Mike Mushak has been named Norwalk's Tree Advocate of the Year for 2010 and was recognized last Saturday at the Norwalk-Wilton Tree Festival in Cranbury Park.
Mushak is, like last year's winner of the inaugural Norwalk award, Nick Overall, a landscape architect and a neighborhood tree liaison, a fraternity of volunteers committed to the betterment of the urban forest in their localities.
"Street trees add so much to our urban neighborhoods," Mushak says. "They provide both environmental and aesthetic benefits--by reducing heat in the summer, filtering pollution from the air and visually softening the hard edges of the city with lush greenery. It is well-proven that streets with abundant trees are safer, cleaner, more inviting, and even help increase business in commercial districts."
Mushak is the founder and principal of Tuliptree Site Design Inc. and his 30 years in landscape architecture extend over the United States and cover projects such as parks, museums, corporate buildings and urban planning.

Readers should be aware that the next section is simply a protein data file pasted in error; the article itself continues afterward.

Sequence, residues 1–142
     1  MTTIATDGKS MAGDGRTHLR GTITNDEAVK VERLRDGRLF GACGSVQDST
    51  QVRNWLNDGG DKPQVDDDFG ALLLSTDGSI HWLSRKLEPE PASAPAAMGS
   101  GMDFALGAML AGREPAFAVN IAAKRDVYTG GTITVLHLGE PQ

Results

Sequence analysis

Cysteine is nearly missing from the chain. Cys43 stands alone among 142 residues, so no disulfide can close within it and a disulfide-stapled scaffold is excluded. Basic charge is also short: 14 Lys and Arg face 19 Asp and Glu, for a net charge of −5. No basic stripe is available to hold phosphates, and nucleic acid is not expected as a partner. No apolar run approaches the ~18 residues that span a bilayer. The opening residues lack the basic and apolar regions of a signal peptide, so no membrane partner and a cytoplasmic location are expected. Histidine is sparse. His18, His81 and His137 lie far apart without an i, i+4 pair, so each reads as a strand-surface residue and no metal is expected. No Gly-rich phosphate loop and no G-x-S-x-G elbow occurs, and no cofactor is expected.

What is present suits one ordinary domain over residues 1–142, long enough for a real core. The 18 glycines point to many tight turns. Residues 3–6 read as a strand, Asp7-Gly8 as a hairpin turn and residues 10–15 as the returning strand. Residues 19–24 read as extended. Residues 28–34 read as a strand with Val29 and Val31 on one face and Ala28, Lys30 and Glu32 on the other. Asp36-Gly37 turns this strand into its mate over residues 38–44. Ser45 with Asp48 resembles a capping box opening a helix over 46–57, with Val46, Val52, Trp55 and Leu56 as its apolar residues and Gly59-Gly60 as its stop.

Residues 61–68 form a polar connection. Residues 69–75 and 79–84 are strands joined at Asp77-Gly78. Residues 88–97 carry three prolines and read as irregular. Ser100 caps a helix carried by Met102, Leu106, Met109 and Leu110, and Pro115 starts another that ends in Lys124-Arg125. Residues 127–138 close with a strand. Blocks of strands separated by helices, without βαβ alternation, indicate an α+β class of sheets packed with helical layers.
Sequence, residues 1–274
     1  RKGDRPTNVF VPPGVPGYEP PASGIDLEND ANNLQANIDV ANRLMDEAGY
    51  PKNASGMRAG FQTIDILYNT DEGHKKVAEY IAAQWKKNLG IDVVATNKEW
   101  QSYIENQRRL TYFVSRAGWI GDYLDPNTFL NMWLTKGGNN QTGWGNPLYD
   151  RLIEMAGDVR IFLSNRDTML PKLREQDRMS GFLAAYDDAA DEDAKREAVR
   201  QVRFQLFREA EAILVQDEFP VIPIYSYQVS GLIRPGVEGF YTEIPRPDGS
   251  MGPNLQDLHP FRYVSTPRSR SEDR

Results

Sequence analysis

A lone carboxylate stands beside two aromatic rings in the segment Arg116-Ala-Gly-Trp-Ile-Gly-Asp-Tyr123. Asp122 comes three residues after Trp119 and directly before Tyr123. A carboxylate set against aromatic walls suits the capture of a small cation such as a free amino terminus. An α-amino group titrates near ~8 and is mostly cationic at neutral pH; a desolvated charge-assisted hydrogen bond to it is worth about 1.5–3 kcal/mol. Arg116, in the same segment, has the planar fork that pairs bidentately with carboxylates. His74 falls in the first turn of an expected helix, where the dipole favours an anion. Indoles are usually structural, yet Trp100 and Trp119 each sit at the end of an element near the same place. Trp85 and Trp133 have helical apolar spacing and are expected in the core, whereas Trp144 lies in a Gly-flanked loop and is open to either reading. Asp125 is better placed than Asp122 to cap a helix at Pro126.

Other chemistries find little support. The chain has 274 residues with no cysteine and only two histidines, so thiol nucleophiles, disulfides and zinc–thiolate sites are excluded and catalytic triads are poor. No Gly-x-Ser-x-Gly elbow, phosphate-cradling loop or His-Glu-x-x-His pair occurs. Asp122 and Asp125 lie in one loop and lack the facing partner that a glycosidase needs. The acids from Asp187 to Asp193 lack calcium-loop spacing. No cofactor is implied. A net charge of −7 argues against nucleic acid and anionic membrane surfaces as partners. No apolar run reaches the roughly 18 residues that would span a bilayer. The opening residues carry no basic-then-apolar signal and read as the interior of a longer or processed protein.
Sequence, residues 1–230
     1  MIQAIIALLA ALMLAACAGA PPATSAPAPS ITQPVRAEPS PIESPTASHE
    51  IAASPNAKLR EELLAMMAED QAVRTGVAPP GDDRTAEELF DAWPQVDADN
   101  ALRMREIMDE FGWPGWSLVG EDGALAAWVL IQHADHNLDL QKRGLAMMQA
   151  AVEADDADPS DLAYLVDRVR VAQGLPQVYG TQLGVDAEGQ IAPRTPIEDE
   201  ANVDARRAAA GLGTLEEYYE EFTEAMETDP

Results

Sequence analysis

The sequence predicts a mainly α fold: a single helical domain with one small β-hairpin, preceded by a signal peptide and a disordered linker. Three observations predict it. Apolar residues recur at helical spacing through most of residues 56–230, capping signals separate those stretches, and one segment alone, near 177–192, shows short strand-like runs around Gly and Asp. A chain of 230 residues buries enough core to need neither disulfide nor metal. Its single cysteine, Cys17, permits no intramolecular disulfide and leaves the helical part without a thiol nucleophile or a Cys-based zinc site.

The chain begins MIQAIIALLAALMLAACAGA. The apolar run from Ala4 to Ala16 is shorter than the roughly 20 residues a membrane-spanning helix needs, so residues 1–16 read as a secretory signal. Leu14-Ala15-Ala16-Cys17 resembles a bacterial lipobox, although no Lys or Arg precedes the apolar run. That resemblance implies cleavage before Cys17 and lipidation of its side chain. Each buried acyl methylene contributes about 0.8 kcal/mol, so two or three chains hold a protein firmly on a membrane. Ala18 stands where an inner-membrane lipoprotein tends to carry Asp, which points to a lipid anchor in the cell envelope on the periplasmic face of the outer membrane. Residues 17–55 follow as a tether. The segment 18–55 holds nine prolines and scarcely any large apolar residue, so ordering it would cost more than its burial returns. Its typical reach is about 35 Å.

In addition to his tree planting and tree care work with the Golden Hill Neighbor/hood Association over the last six years, he has been is active with--and a supporter of--the Norwalk Historical Society, Lockwood-Mathews Museum, St. Paul's-on-the-Green, Norwalk Clean and Green, Norwalk YMCA, Crystal Theatre, Center for Contemporary Printmaking, Pine Island Historic Cemetery and Connecticut Friends School.
Recognized at the same time with Mushak as the Tree Steward of Wilton was arborist Halfdan Prahal.
For its commitment to enhancing its municipal arboreal footprint, Norwalk meanwhile has been designated as a "Tree City U.S.A." by the Arbor Day Foundation for the sixth consecutive year, an honor conferred on only 15 communities in the state,.
The festival at Cranbury Park offered a full agenda of environmentally focused exhibits and family-style activities free of charge. It was a collaboration between the Norwalk Tree Alliance, Norwalk Department of Public Works, Wilton Garden Club and Wilton Tree Committee.